Since the widespread use of Haemophilus influenzae (Hi) type b (Hib) vaccines among children aged <5 years, an increase in invasive non-Hib disease incidence has been reported internationally. We sought to describe the epidemiology of invasive non-Hib disease in Ontario, Canada (population ~13.5 million).
Confirmed invasive non-Hib cases (non-typeable [NTHi] and serotypes a, c, d, e, and f) were obtained from the provincial laboratory data system from 2004–2013. Data were deterministically linked to the provincial reportable disease system to provide further case information. Antibiotic resistance data were analysed separately from 2010–2014. Descriptive analyses included incidence rates, age group, serotype, site of specimen collection and resistance patterns; ethnicity data were not available. Temporal trends were evaluated by Poisson regression and p-values <0.05 were considered significant.
A total of 1307 cases of invasive non-Hib disease were included, increasing from 0.67 cases to 1.60 cases /100,000 from 2004 to 2013. Significant increases in the incidence of NTHi (0.50 to 1.28 cases/100 000 population), Hia (0.02 to 0.08 cases/100, 000) and Hif (0.13 to 0.18 cases/100, 000 population) were seen. Among persons aged 40–64 years, 3 Hi strains significantly increased over time; NTHi (0.22 to 0.99 cases/100, 000), Hia (0.00 to 0.06 cases/100, 000) and Hif (0.05 to 0.21 cases/100, 000). Among persons aged 65–84 years, there was a significant increase of NTHi (1.62 to 3.14 cases/100, 000) and Hia (0.00 to 0.34 cases/100, 000). Among persons aged 85+ years, only NTHi significantly increased from 4.89 to 10.28 cases/100, 000). Antimicrobial resistance (AMR) to ampicillin and clarithromycin was seen in greater than 25% of isolates but AMR did not increase over the duration of this study.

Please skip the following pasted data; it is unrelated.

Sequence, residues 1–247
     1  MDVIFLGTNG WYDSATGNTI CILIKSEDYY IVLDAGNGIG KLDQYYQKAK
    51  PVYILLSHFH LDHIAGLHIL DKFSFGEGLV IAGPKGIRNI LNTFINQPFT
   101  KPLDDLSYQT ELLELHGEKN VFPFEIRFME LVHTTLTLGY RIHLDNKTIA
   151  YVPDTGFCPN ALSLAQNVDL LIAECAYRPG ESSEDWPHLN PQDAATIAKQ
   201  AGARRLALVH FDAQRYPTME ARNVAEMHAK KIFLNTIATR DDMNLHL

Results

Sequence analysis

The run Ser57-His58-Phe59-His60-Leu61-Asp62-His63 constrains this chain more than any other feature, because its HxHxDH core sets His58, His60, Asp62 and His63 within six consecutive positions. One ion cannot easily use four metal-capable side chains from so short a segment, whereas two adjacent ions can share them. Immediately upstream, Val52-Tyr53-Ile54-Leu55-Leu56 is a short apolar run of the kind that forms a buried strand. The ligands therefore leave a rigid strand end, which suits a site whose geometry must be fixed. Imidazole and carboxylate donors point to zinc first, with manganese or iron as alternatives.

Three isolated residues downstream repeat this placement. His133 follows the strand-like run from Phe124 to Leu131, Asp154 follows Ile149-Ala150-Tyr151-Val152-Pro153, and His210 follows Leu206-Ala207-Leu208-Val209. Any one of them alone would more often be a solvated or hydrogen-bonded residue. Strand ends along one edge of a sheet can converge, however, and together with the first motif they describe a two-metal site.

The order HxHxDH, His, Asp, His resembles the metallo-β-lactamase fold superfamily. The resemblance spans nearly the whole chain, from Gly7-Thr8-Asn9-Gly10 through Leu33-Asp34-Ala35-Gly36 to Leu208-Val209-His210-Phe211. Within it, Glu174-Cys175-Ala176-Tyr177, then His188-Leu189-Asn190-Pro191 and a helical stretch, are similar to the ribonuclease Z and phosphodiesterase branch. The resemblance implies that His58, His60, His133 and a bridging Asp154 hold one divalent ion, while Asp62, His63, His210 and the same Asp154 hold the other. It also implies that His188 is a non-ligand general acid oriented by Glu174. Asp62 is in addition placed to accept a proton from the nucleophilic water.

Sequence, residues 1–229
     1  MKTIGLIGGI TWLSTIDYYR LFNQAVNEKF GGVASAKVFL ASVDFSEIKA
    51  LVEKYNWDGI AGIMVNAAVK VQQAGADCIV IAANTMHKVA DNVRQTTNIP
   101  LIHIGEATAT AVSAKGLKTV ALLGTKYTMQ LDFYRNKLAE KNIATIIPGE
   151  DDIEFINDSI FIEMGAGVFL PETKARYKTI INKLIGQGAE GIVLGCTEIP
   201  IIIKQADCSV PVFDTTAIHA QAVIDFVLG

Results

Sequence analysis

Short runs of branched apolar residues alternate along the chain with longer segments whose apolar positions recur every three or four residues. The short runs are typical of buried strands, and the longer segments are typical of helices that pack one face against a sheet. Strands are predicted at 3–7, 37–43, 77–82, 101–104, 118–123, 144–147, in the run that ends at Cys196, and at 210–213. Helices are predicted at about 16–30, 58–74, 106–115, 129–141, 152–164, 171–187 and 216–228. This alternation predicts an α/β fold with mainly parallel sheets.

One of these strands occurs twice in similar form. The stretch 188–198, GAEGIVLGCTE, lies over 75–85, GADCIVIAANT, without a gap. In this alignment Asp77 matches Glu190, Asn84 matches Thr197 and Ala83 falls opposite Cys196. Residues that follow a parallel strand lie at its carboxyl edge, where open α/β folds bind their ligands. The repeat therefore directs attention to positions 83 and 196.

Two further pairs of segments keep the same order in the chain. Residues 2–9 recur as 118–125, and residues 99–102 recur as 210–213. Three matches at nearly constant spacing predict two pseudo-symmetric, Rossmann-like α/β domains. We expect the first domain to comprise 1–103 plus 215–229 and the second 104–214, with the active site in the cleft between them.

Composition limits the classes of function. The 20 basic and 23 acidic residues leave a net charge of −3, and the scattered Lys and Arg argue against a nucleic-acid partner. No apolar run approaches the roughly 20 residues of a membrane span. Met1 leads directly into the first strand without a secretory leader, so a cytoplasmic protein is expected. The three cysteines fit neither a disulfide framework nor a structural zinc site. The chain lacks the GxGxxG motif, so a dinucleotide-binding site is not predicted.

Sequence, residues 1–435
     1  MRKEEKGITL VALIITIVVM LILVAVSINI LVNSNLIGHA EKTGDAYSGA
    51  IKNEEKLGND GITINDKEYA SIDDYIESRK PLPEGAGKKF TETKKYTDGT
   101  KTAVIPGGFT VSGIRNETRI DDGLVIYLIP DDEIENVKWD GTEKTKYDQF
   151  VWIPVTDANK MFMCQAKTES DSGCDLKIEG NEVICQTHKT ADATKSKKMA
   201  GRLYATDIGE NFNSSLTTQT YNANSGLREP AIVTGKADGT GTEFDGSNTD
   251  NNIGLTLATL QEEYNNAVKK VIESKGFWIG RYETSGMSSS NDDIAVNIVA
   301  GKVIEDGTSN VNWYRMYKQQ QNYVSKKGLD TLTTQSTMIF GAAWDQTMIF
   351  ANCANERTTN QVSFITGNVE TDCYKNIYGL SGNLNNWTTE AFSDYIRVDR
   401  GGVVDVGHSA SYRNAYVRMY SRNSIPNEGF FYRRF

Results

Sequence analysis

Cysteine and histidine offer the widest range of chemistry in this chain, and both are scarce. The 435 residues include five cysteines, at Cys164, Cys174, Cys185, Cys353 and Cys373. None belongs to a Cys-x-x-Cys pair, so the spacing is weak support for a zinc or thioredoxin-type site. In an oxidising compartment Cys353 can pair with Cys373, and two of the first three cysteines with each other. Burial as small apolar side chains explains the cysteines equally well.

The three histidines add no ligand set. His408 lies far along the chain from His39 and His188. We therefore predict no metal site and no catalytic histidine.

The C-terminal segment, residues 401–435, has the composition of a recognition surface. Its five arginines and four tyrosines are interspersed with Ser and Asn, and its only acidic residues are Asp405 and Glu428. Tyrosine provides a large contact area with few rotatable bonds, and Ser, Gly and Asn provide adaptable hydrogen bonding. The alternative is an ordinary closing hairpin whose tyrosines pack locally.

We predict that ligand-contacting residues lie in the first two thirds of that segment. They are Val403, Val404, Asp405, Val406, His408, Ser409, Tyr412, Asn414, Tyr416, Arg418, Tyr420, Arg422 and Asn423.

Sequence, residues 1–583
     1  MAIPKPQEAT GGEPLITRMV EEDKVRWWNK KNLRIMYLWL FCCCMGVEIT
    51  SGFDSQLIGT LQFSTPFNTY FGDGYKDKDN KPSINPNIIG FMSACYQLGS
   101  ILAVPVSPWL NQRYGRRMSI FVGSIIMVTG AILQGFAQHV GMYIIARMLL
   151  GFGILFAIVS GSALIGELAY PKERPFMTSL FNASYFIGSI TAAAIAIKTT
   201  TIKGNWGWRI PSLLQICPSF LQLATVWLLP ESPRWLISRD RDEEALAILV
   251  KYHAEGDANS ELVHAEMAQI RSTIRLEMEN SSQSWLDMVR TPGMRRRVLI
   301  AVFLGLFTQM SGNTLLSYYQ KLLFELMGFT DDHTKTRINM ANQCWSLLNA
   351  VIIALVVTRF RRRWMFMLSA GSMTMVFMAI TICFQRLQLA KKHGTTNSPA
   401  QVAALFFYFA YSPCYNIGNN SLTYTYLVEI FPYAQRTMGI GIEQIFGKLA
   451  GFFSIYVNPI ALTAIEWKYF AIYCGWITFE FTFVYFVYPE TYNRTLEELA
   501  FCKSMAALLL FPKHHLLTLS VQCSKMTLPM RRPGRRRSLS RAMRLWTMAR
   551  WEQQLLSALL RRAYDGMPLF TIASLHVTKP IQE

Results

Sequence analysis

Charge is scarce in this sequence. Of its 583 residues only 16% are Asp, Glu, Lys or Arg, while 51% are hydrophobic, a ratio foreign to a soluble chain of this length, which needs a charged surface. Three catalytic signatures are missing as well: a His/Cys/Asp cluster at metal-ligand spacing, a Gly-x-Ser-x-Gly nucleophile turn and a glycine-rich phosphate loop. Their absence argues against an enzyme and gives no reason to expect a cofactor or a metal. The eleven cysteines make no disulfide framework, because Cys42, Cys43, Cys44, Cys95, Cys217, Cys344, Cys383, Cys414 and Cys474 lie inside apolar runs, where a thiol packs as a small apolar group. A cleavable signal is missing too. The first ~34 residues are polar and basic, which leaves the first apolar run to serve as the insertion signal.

The incidence of invasive non-Hib disease has increased over time; NTHi, Hif and Hia are emerging pathogens, and should be monitored.